I batted several tennis balls with a decaying tennis racket across the resort like Tim Henman. I watched one land on an old shed; a humming noise uttered from inside, machinery maybe? A caretaker? I slowly placed down the racket; turned around, and we began walking slowly back to the shore, Tony's voice cracked and croaked from the shore warning us that he was soon to leave. Upon our exit from the complex I saw a fairly new sign which soon smothered and suffocated my inner child with reality:'Smile, you're on CCTV. My walking pace quickened with my heart rate, I had a gut feeling we weren't alone. After the menacing camaraderie with Elliot I began to revert back to my solemn self. Before leaving we strolled over to yet another pool; black as tar but this time situated right next to the sea, so close that large fish had began mating in the depths. They jumped and struggled, no doubt dissolving in the combination of salt water and chlorine. I looked into the reflection and saw something much worse than the unknown; the hard face of a tattooed man stood over me. He had short black hair, grizzly stubble; barely enough to hide his browned cigarette stained teeth, his squared jaw clenched below another pair of those god damned shades. He said nothing at first, my heart felt to be almost cracking the bars of its prison which was my rib cage.Adrenaline its alibi; turning the contents of my insides to wreckage.
(Credits for this photo to to an unknown source.)
I began to broaden my stance; remembering my defensive training from the forces in the UK. He was stood to my 1'clock; an attack from his left side would mean I could clasp both hands together in the praying gesture and bring both palms down on the right of the mans neck sending him sailing into the pool to our right. These were non- lethal tactics demonstrated and taught to protect any officer from the prone to standing position against any assailants with knives. Tactics which I had the unfortunate luck of practicing with an Ex marine named Gareth.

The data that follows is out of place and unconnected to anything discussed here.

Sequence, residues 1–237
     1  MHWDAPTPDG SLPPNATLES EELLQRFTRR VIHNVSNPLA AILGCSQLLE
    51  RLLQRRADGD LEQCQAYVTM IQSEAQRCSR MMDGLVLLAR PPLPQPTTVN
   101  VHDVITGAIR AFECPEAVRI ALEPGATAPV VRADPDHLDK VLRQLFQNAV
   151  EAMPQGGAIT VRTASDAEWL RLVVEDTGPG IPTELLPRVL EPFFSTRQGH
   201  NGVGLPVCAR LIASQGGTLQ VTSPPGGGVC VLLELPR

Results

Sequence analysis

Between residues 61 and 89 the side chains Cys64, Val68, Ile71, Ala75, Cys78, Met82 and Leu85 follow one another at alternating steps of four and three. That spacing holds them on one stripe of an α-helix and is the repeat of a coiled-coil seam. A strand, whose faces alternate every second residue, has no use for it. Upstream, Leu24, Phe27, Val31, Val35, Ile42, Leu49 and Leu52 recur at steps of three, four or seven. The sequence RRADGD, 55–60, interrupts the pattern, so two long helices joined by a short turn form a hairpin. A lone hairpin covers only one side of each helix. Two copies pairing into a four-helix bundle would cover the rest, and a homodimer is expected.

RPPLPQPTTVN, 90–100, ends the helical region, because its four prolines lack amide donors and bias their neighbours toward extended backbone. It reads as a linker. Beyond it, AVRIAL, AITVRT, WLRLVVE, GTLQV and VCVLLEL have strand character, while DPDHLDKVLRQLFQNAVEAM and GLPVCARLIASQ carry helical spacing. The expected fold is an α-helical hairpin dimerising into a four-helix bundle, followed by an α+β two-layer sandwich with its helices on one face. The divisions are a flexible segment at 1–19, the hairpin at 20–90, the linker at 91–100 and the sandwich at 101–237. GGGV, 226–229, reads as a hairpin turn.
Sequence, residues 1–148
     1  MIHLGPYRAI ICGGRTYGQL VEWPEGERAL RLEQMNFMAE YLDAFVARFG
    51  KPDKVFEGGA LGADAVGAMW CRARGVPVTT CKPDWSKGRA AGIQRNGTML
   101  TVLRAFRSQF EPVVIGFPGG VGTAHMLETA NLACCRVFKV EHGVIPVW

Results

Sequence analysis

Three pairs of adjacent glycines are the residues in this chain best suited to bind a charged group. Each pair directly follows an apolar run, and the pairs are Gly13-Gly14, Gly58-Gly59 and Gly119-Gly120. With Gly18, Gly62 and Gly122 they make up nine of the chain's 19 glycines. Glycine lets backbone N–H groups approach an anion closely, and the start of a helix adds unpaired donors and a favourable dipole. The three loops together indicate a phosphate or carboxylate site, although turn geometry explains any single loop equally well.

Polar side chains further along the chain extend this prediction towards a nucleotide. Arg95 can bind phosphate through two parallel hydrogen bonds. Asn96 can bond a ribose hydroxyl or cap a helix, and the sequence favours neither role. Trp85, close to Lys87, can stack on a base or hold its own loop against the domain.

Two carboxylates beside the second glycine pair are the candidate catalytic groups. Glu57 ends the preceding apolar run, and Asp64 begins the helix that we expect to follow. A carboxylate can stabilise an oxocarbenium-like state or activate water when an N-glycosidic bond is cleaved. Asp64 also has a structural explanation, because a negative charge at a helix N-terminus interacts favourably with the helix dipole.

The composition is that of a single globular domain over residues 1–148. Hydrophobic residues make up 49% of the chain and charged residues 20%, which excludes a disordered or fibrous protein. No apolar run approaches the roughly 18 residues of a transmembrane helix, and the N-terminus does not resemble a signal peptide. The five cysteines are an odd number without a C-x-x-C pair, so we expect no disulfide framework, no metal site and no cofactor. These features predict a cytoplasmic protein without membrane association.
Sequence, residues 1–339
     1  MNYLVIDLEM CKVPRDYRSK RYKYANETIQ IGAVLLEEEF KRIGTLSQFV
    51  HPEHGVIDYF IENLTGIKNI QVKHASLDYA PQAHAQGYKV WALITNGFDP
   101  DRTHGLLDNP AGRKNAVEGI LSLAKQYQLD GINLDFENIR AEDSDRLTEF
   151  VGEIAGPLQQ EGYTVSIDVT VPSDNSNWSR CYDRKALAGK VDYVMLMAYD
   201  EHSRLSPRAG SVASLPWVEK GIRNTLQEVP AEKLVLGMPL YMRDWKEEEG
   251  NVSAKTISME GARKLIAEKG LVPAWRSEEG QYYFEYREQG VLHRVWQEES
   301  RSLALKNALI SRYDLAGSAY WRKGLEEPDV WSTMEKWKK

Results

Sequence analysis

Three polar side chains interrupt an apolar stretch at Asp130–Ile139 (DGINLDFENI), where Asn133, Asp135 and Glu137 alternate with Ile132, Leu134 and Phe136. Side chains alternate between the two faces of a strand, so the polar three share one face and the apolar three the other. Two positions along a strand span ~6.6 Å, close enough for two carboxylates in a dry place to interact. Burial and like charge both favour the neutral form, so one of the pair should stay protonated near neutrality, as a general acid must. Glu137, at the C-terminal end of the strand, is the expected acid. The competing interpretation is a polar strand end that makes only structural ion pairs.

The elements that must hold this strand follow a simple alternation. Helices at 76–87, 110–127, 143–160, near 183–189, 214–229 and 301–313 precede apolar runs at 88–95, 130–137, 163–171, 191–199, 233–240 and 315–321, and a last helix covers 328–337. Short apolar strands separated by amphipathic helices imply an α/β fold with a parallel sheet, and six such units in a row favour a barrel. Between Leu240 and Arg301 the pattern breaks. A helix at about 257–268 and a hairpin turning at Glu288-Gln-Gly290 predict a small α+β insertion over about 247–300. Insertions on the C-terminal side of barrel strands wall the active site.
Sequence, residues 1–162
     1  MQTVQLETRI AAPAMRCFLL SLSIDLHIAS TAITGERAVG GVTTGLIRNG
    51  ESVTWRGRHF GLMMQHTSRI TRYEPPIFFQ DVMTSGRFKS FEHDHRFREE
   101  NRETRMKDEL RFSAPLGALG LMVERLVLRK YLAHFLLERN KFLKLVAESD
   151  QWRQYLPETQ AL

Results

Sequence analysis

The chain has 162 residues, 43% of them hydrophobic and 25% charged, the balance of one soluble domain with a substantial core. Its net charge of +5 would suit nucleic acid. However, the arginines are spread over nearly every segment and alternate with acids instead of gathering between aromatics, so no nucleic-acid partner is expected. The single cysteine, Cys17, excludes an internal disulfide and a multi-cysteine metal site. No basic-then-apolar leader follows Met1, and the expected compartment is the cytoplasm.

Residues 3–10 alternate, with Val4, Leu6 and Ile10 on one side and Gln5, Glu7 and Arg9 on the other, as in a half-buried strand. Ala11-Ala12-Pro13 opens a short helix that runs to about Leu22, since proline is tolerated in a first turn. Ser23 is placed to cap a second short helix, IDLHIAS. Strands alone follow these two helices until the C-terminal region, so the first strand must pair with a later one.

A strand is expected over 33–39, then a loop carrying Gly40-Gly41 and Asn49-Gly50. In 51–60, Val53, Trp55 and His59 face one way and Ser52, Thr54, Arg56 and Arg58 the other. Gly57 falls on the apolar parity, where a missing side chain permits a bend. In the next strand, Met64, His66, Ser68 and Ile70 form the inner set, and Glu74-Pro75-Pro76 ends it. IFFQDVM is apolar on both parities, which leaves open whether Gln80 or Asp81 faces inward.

I measured the mans height and build against my own; he was by no means a big man, no bigger than me and about the same height; plus I had Elliot with the build of a Rugby forward shadowing me. And I was by no means going to be clubbed to unconsciousness with the tennis racket hanging from the caretaker's clasped, tattooed hands. We said nothing for a whole minute; which seemed like an eternity when faced with such a hostile situation. "Iv'e got you on CCTV, messing with the extinguishers. Leave now and I won't press charges" He said; in a thundering condescending tone. I apologized on behalf of both of us for no more reason than to not cause any trouble. He strolled over to the boat, talking to Jim and Tony and warning them not to return in their vessel again.
When we returned to the boat I explained to everyone what had happened and details of what lied on the island. And of how it's occupant was a deranged caretaker. But the day didn't end there, we dived in the fringing reefs and explored the rest of the islands, jumping from the mast into the cooling water. But daylight began to drawback; the ladies had their share of sun for the day and their cherry red skin had paid the price. But it was the end to a beautiful, awe-inspiring day. So I laid back with Vanessa as the winds of the sea caressed our sunburned selves; I was becoming too lucky in this life of mine.
And it turns out that among all this fun; whilst me and Elliot had been cascading through the water and 'Dueling' with fire extinguishers. Alex had gone to the bathroom, and in all the excitement; broken the lock on the toilet door. Locking himself on the deck as the senile Jim pulled away from Brampton Island...
This entry is far too long for one entry so I have divided it into the two; the second being documented shortly. If anybody is still out there reading this; thank-you for taking the time to do so.-R